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Asia-Pacific economy in better position, still in recovery mode — Moody’s Analytics

Asia-Pacific economy in better position, still in recovery mode — Moody’s Analytics

21 Jul 2022

The economy in the Asia-Pacific (APAC) region is in a better position, with many countries still in expansion or recovery mode from the pandemic.

In a research note today, Moody’s Analytics said, however, if conditions outside of the APAC region continue to deteriorate, recession risks will increase, particularly as exports are a critical growth driver, with the United States and Europe important sources of demand.

“Moreover, central banks in Asia are stepping up monetary policy tightening, which will increasingly pressure improved domestic demand,” it said.

It said that given the heightened risk of recession, it is not surprising that global businesses have become more anxious. The weekly Moody’s Analytics business survey confirmed that sentiment has been deteriorating since early 2022.

“There is not always a strong causal link between sentiment and the real economy. With so much thrown at households and businesses over the past two years, there is heightened risk that this ongoing anxiety will contribute to a deterioration in hiring, investment and spending.

“This concern has increased weight — business expectations for economic conditions six months ahead are expected to deteriorate markedly and are at the lowest level since the global financial crisis in 2009,” it added.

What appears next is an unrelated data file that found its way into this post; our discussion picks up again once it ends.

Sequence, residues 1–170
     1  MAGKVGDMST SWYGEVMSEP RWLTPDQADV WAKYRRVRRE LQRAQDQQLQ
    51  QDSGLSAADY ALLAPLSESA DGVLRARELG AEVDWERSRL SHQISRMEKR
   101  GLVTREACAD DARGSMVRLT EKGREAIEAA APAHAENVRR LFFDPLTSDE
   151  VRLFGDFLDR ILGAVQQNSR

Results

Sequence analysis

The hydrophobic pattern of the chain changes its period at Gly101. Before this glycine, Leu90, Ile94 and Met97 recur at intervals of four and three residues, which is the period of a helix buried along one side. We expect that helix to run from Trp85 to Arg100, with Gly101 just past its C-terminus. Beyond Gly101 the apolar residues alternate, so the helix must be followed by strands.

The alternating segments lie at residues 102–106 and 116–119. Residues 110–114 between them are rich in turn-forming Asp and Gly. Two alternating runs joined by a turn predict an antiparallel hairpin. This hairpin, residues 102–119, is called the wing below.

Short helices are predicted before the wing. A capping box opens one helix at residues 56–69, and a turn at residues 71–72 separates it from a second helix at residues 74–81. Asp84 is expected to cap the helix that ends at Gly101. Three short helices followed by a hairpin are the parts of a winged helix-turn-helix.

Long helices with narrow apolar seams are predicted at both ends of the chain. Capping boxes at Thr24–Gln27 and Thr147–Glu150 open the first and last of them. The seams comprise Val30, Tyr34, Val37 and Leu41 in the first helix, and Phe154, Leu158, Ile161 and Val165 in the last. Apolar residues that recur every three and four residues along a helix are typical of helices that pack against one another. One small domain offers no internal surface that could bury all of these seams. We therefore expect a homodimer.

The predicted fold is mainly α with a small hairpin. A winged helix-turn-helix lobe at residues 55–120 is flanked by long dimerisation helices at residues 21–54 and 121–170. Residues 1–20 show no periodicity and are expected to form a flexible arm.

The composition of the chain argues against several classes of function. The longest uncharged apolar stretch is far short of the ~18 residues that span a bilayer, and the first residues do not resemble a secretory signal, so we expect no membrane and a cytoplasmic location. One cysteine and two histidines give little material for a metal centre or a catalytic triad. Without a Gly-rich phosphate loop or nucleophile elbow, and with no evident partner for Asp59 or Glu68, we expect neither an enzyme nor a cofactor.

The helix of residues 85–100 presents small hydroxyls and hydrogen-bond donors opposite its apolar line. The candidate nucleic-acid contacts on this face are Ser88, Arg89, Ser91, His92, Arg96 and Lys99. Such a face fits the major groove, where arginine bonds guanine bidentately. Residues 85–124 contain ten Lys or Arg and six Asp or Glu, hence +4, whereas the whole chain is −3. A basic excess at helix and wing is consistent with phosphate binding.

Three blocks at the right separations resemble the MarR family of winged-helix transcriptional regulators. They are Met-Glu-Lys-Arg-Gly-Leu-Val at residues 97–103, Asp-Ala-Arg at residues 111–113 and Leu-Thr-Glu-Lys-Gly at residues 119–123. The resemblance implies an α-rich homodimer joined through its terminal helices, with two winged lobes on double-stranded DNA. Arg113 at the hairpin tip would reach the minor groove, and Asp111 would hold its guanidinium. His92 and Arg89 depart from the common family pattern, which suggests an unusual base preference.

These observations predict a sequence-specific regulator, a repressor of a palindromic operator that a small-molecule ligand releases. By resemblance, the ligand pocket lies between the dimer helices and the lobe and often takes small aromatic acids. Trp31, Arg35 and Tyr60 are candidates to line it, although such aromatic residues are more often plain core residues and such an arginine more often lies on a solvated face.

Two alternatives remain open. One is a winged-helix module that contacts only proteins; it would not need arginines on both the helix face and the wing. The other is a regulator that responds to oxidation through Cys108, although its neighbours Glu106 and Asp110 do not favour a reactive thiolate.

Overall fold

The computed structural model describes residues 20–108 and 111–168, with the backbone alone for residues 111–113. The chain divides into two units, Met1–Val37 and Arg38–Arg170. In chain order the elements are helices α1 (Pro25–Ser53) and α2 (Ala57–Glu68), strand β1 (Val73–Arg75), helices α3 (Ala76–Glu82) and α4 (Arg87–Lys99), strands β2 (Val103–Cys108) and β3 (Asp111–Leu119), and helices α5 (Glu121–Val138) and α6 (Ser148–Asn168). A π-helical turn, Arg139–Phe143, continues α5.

Meanwhile, in the separate note, Moody’s Analytics said total debt-to-gross domestic product (GDP) ratios across the APAC region have remained well above pre-pandemic levels, although some countries such as Singapore, Malaysia and Indonesia record lower debt ratios in 2021 compared with 2020.

It said this was due partly to the success of containing domestic COVID-19 cases while keeping production lines open.

On the household debt, it said the government fiscal policies across Southeast Asia have offered support to stabilise household debt in 2021.

“However, the household debt-to-GDP ratios in Malaysia and Thailand remain among the highest in Southeast Asia and are at risk of non-performance as interest rates normalise.

“Elevated household debt remains a major problem despite a recent slowdown in the pace of household debt growth and many Southeast Asian countries are also facing skyrocketing housing prices as hot money and speculation continue to push up prices,” it said.

Source: Bernama

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